French writer Zeller makes his U.S. debut with a novel about a dark night of the soul in the life of an angry Parisian teenager.
Julien Parme is a rebel with a bit of a cause. Aged 14, he’s still mourning the death of his father, five years earlier, and feels abandoned by and resentful of his mother, who has a new partner, François, “a jerk in a goatee and corduroy pants.” Julien is a liar and a fantasist. He imagines himself as a great writer, winning the Nobel at 20. He lies to friends about an affair with a teacher; to strangers about his mother murdering his father; and to the girl he loves, Mathilde, about a cut on his cheek, which was really inflicted by his step-sister whom he punched in the face. The book follows Julien through the eventful night and ensuing days which will finally force his mother, exhausted by the accelerating thieving and antisocial attitude, to send him away to live in the country. The story, populated by a number of middle-class kids with neglectful parents, is a plea for forgiveness and understanding for a bright but mixed-up teen struggling with loneliness and hurt. Zeller veers between the sympathetic and the vaingloriously repetitive as Julien burrows into his simultaneously pitiable and tiresome misery.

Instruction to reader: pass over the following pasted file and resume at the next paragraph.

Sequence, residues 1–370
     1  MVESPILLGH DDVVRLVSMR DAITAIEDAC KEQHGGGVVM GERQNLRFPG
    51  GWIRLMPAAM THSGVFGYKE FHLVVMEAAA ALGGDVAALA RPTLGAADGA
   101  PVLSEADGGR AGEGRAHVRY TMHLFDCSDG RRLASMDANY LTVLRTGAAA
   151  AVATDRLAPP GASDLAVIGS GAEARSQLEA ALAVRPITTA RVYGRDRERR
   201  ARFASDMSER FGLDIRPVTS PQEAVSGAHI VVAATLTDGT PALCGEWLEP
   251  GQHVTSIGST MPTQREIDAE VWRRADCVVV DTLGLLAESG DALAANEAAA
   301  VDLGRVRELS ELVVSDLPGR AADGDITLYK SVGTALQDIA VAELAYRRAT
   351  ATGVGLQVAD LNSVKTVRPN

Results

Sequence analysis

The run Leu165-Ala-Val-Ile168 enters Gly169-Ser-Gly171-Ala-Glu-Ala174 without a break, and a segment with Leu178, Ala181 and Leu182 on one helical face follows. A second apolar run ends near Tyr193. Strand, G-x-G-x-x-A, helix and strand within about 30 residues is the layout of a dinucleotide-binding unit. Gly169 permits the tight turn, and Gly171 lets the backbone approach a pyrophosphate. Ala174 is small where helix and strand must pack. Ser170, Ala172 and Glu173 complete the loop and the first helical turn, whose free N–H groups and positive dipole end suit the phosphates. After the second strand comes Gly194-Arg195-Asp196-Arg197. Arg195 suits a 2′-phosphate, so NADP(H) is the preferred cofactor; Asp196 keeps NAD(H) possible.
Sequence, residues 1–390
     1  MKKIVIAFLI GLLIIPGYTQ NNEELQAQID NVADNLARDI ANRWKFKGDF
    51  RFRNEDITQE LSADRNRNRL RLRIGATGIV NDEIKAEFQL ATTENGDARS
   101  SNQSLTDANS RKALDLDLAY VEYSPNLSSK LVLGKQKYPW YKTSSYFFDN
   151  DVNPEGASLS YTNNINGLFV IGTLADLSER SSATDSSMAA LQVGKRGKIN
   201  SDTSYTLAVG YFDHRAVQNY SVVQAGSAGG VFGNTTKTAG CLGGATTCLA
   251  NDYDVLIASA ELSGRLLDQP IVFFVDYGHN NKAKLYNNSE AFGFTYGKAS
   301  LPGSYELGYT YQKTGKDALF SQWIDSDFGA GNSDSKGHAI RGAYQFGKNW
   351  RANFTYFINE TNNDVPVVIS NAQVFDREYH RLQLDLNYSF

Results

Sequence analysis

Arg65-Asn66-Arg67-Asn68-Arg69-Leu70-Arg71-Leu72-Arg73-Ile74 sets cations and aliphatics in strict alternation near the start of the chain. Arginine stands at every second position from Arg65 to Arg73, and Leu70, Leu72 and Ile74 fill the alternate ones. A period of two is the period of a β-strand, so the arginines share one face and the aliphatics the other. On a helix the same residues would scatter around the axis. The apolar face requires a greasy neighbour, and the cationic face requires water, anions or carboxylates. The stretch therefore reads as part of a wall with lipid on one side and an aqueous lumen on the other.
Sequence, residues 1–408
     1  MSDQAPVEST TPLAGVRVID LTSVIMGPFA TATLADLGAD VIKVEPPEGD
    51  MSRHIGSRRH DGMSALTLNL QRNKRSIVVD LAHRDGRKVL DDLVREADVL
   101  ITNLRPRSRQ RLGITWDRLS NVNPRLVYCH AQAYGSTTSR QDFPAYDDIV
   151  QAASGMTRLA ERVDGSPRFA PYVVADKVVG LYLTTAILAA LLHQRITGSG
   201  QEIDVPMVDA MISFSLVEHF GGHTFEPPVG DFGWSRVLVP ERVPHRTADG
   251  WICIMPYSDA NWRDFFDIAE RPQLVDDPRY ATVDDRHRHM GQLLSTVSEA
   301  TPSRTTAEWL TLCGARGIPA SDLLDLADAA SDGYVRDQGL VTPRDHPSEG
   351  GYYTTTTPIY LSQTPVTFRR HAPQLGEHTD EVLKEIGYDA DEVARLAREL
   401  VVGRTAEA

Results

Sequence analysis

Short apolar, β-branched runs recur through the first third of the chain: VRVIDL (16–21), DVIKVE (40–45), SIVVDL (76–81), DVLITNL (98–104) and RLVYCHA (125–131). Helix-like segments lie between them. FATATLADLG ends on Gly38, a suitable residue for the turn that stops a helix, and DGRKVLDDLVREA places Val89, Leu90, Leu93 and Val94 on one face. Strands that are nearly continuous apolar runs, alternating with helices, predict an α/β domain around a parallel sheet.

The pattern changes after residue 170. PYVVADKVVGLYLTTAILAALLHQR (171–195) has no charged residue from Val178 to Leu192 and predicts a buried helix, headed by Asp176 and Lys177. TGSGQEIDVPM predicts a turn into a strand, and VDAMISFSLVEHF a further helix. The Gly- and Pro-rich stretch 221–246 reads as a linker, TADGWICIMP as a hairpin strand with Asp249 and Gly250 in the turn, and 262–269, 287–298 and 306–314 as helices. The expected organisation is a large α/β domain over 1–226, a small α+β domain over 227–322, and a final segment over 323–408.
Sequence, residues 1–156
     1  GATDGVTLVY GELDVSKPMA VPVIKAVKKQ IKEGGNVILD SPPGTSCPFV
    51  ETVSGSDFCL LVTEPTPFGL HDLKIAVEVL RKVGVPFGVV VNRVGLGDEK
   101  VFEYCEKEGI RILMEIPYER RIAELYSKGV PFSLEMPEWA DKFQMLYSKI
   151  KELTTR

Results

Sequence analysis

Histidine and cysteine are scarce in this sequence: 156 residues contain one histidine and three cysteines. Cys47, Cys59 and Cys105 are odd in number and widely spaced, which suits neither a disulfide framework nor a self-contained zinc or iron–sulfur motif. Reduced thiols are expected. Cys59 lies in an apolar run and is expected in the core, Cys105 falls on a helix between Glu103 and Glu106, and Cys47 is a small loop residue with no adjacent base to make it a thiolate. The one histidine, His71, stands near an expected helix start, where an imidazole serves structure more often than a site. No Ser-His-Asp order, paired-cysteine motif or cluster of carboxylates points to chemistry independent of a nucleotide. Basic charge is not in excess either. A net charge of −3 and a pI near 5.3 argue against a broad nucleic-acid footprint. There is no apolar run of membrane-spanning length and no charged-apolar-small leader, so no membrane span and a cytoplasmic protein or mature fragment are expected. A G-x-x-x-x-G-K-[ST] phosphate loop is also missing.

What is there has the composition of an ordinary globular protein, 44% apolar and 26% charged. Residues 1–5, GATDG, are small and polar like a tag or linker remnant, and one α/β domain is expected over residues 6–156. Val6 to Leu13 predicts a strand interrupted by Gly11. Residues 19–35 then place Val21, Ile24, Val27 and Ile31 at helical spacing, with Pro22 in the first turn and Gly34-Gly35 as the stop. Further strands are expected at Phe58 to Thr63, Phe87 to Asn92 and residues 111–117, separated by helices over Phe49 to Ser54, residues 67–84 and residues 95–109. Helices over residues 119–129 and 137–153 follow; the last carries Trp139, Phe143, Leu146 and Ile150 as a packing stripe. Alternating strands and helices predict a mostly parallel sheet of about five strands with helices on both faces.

A sustained yelp of youthful despair, occasionally affecting, more often exasperating.